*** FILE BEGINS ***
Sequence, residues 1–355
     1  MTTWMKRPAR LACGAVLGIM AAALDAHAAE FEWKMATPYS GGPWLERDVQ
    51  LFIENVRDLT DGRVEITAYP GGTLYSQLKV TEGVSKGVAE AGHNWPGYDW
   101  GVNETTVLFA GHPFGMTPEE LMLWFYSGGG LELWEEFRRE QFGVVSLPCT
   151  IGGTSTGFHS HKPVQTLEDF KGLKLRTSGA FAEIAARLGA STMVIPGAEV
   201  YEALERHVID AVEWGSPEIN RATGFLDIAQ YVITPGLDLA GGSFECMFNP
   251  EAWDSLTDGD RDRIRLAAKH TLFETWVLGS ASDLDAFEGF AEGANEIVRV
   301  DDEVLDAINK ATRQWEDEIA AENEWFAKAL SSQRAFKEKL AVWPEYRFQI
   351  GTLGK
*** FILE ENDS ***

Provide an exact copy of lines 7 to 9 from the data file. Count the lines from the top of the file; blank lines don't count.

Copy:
   251  EAWDSLTDGD RDRIRLAAKH TLFETWVLGS ASDLDAFEGF AEGANEIVRV
   301  DDEVLDAINK ATRQWEDEIA AENEWFAKAL SSQRAFKEKL AVWPEYRFQI
   351  GTLGK